FIG. 3A illustrates the wrapping of the armoring layer 11 on the anchoring layer 2b, the armoring layer 6 being already in position, embedded in the anchoring layer 2a.
The hooping and separating layer 4a is placed between the layer 6 and the anchoring layer 2b.
In a preferred embodiment of the pipe the layer 11 is wound under a moderate tension which is sufficient to press the wires or strands against the anchoring layer 2b into which they completely penetrate, without, however, embedding them in this anchoring layer since this would require a high winding tension.
The softening of the anchoring layer 2b during the thermal treatment of the latter, in combination with the tension of the layer 11 is sufficient (FIG. 38) to cause the further penetration and the embedding of the wires or strands constituting this layer into the anchoring layer 2b, the material constituting this layer filling the space which has remained free between the convolutions of the armoring layer. During this thermal treatment it is necessary to permanently keep the flexible pipe under tension (by using for example a drawing device schematically indicated by the reference numeral 5 in FIG. 2 and by simultaneously braking the unwinding of the pipe from the drum 15). This pull exerted on the pipe is for the purpose of preventing that the reduction in the diameter of the armoring layer as a consequence of its penetration into the anchoring layer results in sinuosities in the wires or strands constituting this layer.
There will be provided a sufficient spacing between the successive convolutions of the winding which constitutes each armoring layer, so as to permit the material constituting the anchoring layer to penetrate between these convolutions during the thermal treatment and to prevent the diameter reduction during this treatment from resulting in an excessive reduction of the spacing between the convolutions, which could cause the adjacent convolutions to begin overlapping one another.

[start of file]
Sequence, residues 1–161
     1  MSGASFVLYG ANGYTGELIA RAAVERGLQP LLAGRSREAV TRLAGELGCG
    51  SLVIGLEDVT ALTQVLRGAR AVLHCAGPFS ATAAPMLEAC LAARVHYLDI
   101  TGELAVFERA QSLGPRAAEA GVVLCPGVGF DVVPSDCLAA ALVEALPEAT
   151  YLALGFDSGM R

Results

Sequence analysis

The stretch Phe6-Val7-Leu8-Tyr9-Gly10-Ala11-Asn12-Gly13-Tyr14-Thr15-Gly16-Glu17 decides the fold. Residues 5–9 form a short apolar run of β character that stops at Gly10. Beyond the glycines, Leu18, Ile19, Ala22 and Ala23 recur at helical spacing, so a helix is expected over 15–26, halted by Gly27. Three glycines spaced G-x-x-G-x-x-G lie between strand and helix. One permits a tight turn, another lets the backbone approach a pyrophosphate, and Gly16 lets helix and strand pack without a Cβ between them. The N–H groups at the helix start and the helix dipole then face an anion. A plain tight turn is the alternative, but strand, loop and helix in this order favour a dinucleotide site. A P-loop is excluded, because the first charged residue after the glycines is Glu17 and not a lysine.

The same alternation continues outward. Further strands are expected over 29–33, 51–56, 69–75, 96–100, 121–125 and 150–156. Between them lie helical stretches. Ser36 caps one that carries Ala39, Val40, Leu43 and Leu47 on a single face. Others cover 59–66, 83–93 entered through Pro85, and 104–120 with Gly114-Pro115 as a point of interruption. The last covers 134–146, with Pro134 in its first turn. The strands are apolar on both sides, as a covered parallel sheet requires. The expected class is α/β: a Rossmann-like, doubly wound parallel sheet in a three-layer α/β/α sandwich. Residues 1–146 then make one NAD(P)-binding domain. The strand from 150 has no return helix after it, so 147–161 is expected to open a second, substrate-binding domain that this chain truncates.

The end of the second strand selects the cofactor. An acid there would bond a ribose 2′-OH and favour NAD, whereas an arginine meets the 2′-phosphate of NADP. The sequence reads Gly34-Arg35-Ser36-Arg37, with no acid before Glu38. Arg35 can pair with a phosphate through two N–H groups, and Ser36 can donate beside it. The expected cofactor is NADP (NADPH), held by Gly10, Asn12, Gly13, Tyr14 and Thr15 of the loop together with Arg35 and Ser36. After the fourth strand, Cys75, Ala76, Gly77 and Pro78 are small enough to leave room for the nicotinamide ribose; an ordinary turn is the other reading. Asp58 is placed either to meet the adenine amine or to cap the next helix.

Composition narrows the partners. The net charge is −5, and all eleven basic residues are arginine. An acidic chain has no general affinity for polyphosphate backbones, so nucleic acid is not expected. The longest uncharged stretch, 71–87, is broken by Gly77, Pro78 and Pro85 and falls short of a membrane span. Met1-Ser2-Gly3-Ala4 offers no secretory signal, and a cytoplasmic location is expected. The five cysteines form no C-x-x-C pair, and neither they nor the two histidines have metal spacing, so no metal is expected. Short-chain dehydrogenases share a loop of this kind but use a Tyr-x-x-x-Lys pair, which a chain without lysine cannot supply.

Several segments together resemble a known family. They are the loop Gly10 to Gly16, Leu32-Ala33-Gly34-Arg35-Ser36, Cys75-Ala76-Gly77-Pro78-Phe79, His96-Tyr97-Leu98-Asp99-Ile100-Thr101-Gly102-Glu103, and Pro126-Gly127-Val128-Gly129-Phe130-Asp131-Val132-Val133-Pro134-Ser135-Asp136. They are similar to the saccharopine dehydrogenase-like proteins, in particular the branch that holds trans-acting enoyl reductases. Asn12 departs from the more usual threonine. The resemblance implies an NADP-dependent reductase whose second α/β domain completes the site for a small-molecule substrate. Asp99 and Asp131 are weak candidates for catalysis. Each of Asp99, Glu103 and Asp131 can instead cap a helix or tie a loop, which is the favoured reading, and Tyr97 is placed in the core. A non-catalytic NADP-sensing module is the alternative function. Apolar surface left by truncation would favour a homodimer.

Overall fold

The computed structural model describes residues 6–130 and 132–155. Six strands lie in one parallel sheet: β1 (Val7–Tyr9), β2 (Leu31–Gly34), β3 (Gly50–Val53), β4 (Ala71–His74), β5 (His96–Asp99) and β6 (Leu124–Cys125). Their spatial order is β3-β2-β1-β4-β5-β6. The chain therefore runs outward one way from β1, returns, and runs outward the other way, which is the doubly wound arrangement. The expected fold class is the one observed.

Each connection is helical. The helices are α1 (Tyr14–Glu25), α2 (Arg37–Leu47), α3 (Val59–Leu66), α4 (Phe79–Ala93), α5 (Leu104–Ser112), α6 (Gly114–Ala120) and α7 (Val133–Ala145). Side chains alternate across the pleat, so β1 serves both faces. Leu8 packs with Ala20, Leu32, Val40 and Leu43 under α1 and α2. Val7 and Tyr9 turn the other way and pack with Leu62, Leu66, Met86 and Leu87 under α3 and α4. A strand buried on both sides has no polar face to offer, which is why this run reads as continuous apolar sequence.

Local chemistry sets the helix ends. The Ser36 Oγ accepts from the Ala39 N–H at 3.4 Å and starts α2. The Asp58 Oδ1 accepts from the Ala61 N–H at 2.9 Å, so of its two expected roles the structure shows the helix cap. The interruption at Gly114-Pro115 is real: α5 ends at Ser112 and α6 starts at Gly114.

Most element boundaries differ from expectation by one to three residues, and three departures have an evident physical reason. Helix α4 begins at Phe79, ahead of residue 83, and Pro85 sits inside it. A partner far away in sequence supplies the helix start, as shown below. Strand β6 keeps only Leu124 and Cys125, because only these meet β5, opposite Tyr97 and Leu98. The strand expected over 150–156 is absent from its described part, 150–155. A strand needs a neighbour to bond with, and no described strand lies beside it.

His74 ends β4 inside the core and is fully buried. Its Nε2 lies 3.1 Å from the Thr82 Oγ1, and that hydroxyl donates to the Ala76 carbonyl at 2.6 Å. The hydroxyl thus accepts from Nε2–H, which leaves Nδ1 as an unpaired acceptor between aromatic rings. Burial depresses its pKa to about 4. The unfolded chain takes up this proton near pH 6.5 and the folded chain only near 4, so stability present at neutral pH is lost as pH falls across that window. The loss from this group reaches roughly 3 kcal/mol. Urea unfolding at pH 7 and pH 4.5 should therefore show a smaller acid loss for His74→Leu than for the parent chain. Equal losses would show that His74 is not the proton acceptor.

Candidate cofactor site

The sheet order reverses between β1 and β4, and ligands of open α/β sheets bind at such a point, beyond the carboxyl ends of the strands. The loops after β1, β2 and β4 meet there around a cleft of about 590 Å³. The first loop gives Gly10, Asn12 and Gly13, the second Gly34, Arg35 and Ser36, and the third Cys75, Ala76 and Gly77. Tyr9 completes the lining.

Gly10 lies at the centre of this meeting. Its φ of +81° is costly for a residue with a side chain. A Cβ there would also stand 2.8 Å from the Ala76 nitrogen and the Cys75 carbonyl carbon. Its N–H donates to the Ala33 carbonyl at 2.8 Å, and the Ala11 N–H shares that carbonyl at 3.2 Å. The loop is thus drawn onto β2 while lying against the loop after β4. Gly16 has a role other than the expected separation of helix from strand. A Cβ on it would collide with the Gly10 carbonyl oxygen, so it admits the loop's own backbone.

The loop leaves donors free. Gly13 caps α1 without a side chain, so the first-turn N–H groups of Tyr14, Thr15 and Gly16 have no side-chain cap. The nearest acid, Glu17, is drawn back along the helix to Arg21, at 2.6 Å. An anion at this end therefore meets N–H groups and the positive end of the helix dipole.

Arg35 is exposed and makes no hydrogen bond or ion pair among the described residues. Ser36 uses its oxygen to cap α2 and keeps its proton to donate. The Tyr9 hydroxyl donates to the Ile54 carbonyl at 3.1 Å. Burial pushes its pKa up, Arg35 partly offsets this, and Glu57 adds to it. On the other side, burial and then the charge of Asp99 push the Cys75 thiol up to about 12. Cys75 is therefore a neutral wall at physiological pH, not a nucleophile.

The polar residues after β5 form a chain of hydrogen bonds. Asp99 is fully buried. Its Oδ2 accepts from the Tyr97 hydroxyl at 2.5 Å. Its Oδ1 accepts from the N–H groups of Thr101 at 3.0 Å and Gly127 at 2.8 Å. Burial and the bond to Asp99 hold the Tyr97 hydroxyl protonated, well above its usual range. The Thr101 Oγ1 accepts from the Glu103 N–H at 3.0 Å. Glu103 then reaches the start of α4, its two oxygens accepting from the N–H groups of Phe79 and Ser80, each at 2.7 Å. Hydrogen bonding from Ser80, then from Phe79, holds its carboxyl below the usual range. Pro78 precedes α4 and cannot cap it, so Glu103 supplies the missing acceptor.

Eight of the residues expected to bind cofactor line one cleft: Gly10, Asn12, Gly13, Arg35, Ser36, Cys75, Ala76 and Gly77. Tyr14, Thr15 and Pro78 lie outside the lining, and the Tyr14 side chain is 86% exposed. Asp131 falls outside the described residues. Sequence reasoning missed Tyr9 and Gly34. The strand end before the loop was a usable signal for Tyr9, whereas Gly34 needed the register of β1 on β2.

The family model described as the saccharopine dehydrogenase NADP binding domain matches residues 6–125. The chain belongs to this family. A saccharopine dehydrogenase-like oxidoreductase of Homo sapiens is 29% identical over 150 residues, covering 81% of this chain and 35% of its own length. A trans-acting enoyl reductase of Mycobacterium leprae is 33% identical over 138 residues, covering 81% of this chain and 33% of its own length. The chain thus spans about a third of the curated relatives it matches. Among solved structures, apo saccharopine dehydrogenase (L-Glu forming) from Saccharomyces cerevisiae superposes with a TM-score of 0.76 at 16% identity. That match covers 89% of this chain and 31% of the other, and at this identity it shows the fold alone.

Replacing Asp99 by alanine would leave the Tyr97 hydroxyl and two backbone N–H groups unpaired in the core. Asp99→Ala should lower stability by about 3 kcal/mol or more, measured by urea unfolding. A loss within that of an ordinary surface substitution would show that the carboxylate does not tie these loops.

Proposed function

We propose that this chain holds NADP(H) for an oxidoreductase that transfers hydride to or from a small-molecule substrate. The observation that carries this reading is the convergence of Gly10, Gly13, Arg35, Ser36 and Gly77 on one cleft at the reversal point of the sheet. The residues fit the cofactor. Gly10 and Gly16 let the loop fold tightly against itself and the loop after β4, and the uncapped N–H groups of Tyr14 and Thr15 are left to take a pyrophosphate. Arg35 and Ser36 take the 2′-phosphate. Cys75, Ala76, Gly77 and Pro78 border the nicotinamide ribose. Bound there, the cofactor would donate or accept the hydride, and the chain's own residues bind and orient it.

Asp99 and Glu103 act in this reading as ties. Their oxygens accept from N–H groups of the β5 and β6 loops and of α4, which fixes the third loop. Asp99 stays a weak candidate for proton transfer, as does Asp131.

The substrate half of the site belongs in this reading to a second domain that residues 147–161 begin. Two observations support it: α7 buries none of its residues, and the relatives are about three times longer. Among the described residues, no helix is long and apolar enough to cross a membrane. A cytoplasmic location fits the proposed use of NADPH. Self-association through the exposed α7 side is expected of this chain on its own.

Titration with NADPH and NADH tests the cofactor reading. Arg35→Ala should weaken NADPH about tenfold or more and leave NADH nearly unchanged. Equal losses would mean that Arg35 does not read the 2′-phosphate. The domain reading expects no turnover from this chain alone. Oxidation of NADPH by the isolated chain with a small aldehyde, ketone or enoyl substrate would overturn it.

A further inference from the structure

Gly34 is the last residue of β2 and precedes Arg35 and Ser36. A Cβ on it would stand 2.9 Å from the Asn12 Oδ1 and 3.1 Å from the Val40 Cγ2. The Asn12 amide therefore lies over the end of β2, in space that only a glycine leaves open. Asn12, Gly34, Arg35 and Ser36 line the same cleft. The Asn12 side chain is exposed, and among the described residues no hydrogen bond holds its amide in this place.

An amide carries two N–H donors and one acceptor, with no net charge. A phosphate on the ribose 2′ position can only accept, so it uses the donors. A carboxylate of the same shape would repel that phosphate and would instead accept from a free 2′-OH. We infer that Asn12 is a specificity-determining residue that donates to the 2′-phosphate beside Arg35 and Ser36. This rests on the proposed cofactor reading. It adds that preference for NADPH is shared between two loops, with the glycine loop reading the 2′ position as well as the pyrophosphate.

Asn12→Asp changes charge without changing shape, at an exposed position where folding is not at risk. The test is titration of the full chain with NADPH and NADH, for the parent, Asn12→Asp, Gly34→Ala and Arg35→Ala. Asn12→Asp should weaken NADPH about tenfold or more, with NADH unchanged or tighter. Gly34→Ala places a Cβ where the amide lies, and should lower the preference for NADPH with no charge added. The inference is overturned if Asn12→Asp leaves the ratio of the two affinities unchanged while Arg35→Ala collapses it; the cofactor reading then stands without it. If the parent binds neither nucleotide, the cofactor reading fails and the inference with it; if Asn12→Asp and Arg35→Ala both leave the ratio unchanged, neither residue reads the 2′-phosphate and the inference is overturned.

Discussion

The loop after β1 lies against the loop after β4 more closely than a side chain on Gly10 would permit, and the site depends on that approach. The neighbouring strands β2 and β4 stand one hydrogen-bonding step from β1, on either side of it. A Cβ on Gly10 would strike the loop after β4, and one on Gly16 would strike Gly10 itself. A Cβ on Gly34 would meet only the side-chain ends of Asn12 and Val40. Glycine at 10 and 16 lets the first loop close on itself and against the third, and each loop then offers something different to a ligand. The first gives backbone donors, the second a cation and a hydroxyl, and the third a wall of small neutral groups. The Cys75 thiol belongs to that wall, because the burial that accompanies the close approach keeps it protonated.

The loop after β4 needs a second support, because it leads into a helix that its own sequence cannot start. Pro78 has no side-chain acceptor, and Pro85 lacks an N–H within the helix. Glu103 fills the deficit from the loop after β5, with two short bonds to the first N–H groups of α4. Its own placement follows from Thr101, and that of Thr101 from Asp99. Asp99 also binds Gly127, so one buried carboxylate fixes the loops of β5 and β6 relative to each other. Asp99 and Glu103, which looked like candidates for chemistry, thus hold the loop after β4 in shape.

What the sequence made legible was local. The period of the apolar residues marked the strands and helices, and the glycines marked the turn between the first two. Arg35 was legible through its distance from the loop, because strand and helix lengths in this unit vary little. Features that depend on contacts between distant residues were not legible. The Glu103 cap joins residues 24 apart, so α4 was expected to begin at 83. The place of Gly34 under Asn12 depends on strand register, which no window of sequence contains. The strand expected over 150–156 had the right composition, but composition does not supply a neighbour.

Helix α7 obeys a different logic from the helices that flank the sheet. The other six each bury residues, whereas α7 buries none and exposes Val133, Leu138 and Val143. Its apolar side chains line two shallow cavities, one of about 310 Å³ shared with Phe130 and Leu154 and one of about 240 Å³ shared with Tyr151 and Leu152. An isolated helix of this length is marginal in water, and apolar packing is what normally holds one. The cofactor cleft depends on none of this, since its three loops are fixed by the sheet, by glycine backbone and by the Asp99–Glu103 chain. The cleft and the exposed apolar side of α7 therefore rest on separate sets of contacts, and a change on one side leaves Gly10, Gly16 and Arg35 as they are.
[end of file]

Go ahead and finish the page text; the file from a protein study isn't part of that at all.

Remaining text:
The hooping and separating layer 4b covering the layer 11 before the thermal treatment of the anchoring layer 2b is wound around this layer with a hooping tension which is sufficient to cause the regular penetration of the convolutions of the layer 11 into the anchoring layer 2b, thereby transmitting in an uniform a continuous way the external pressure of the fluid (steam or air) conveying the calories during the thermal treatment. However, in order to obtain a sufficient hooping effect and to provide an adequate covering of the tubular core, so as to protect this core against the risks of bursting under the action of an internal overpressure, the spacing of the convolutions of each armoring layer will preferably be at most equal to half the diameter of the wires or strands constituting this layer.
The strip of elastomeric or thermoplastic material constituting each anchoring layer, for example the layer 2a(FlG. 3) has been wound leaving some spacing, for example 5 to 10 mm, between the successive convolutions, as previously indicated, so as to take into consideration the nonnegligible thickness of this strip (for example close to 0.4 mm), which practically forbids any overlapping of the successive convolutions so as to avoid any extra thickness.
This spacing between the convolutions of the strip of elastomeric or thermoplastic convolutions presents no drawback, since it is apparent from FIG. 3 that a satisfactory embedding of the wires or cables constituting the armoring layer 6 in the elastomeric or thermoplastic material, prevents any crossing or overlapping of the adjacent wires or cables of the layer 6, even if there is no continuous filling of the free space between these adjacent wires or cables by the elastomeric or thermoplastic material.
It should be noted moreover that during the thermal treatment of the strip 2a, the elastomeric or thermoplastic material flows or expands, thereby reducing the spacing of the convolutions of the anchoring strip (the initial spacing of 5 to 10 mm is for example reduced to a value comprised between 0 and 5 mm).